Here is where he activated the bomb.

In that first meeting, Posada proposed to bring explosives into Cuba, but later “he showed me everything, how to make a bomb.”

“He took care of the travel tickets, the accommodation, everything; I only had to give him my passport,” he says, and “he indicated that I could stuff the explosive in a pair of brown boots.”

He would be paid $2,000 for every bomb blast. He set up three but only one of them exploded. Still, the devastation at the Meliá Cohíba Hotel’s disco earned him congratulations from such people as Arnaldo Monzón, El Joyero; Guillermo Novo Sampol, Pedro Crispín Remón and Posada. “They wanted Cuba to be included in the list of countries ‘dangerous’ for tourists [...] There, I met Raúl Ernesto Cruz León and described the plans clearly to him, what was going to be done and where, and I said that he could decide whether it was possible or not, if he would do it or not, and he said yes, he said that if everything was OK he agreed to do it,” says Chávez Abarca during the investigation. “Then we buy Raúl a pair of boots to carry the explosives, the felt-tip pens to hide the detonators, and a clock -as an option-because you couldn’t bring in the batteries. Posada prepares everything for Raúl and gives it to me.”

The terrorist during the simulated reconstruction of the events.

“I don’t have good memories of Posada,” he says, for he deals with people “as if they were expendable objects.” It was he who said “that we had to go on setting up bombs.” Then, Abarca placed another one in Cuba’s commercial offices in the Mexican capital.


The story is well known: a young Italian tourist, Fabio Di Celmo, lost his life and various people were wounded during that wave of terrorism.

But the latest statements by Novo Sampol confirm that the criminal plans are not a thing of the past. On June 26, this partner of Posada Carriles, encouraged by the tolerance of the US administration said in an interview that he was not repentant of what he did in the past.

This terrorist, who justified the string of sabotages in Havana’s hotels, said in the same interview that his “friend” Posada “is very excited; he’s a very joyful man.”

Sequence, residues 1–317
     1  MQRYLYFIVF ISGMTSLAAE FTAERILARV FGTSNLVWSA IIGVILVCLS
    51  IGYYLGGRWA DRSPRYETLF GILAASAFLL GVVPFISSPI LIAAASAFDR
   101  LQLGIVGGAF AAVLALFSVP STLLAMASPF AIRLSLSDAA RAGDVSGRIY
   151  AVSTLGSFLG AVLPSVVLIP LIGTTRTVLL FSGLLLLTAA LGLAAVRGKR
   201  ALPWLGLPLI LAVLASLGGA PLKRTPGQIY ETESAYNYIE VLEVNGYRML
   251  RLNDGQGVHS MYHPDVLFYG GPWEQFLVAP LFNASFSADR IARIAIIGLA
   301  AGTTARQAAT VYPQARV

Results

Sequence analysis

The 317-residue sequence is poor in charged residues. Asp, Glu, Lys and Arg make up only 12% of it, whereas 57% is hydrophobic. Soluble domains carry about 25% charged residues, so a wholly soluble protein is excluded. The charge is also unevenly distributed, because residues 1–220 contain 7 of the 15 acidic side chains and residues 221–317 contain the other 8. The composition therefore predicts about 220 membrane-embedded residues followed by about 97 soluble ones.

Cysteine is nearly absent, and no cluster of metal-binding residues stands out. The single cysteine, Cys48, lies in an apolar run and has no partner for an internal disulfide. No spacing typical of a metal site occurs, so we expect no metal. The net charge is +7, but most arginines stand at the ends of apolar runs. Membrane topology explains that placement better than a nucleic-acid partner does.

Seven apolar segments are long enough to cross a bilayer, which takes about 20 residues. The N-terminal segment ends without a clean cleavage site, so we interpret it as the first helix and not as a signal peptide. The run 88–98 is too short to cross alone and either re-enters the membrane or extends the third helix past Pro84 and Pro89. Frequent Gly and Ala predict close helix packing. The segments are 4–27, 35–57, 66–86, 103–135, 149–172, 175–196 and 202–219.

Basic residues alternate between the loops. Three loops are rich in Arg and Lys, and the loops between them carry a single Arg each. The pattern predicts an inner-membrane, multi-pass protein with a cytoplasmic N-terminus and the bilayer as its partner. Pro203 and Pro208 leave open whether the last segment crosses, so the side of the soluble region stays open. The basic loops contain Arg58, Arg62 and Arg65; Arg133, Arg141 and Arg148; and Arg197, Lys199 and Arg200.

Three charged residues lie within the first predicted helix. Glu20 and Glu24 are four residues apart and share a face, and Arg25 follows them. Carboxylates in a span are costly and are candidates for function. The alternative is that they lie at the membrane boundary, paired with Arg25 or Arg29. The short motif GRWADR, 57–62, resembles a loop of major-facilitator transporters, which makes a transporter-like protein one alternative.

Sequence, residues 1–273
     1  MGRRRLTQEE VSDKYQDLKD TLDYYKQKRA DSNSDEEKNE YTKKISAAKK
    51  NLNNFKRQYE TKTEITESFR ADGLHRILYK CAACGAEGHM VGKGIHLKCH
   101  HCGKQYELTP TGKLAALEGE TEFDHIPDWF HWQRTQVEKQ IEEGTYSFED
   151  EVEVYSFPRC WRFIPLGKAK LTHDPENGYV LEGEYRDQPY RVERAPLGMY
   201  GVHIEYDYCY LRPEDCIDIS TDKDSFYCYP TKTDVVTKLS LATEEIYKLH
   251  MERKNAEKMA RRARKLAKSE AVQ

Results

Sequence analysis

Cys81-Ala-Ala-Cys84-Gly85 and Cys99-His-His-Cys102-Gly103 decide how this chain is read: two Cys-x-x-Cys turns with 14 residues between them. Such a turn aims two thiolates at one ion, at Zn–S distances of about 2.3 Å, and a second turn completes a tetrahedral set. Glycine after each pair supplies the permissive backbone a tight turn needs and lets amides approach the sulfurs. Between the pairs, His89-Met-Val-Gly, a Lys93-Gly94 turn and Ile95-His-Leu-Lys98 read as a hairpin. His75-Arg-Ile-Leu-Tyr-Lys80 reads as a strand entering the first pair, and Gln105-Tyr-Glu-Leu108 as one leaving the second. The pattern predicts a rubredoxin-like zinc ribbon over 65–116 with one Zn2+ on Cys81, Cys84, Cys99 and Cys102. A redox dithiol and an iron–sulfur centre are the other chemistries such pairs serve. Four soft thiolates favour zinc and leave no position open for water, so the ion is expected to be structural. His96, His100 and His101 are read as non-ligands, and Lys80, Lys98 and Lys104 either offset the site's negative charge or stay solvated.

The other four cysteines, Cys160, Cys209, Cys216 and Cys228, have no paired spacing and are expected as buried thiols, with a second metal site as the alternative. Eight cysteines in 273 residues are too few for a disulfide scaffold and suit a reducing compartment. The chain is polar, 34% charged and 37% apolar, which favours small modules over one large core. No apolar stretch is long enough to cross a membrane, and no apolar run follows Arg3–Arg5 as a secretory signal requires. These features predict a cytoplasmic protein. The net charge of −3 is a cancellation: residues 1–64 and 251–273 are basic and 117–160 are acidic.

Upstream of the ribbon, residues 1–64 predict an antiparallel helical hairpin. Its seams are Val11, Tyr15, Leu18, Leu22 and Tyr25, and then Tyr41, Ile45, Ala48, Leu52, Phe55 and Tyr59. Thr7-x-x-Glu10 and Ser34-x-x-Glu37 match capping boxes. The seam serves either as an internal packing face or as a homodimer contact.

This man and Posada, together with Jiménez Escobedo and Crispín Remón, were arrested in Panama in 2000, during the preparations of an assault on Fidel’s life that they planned to implement at the 10th Ibero American Summit in that country.

The four terrorists were pardoned in 2004 by President Mireya Moscoso, and they continue to hatch new plans with the impunity granted by Washington.

The victory of the Cuban Revolution on January 1st, 1959, drove the US hegemony in the Latin American continent into a crisis.

The political basis of the imperial system of domination based on the notion of National Security could not accept a different social system that transcended the scenarios of the decision-making centers of power. This is perhaps the premise to understand why subversion and terrorism were incorporated into the policy promoted against the island nation.

It’s no secret that after the fiasco of the mercenary invasion by the Bay of Pigs, in April 1961, the White House was forced to deal with a new reality: the Island could not be crushed through domestic or external coups d’état backed by propaganda campaigns and the manipulation of regional organizations, a method pursued until that moment to confront the Latin American revolutionary movements, as indicated by PhD Jacinto Valdés-Dapena Vivanco from CIHSE.

It was from Washington that intelligence operations were fostered to measure the content of the actions of the revolutionary forces, their prospects and projections; to establish rings of agents to carry out espionage, terrorism, sabotage and subversive propaganda; to systematically develop smear campaigns to discredit the Revolution’s political program and to create social and economic conditions in the country conducive to a counterrevolutionary political climate.

The United States then tried to isolate the Cuban Revolution diplomatically; to deploy the instruments of the economic warfare to thwart our social development and to fabricate, through covert means, the groups of so-called “dissidents” to offer the international public the image of a domestic political opposition as an alternative to the revolution.

A number of terrorist groups sponsored by the CIA have played an outstanding role in this dirty war against Cuba that started in 1959. Most of them chose to act towards the physical removal of Fidel, but their every plan has been dismantled and defeated.


March 1995.- A bomb is set up in Varadero; Cuban terrorists Santos Armando Martínez Rueda and José Enrique Ramírez Oro are captured.

April 12, 1997.- A bomb explodes at the Meliá Cohíba Aché disco. The explosive was set up by Salvadoran terrorist Francisco Chávez Abarca.

April 30, 1997.- An explosive device is found and defused on the 15th floor of the Meliá Cohíba hotel. It was set up by Chávez Abarca.

July 12, 1997.- Bombs explode in the Capri and National hotels. They were set up by Otto René Rodríguez Llerena.

August 22, 1997.- Explosion at Sol Palmeras hotel in Varadero.

September 4, 1997.- Bomb blasts in the Copacabana, Chateau-Miramar and Tritón hotels and in the Bodeguita del Medio restaurant. The bombs were set up by Cruz León.

March 4, 1998.- Guatemalans María Elena González Meza and Nader Kalam Musalan Barakat are detained at the José Martí International airport as they try to introduce explosives in the country.

June 10, 1998.- Salvadoran Otto René Rodríguez Llerena is detained at the airport in his second trip to Cuba.

Path of Terror 1/3

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Path of Terror 2/3

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Path of Terror 3/3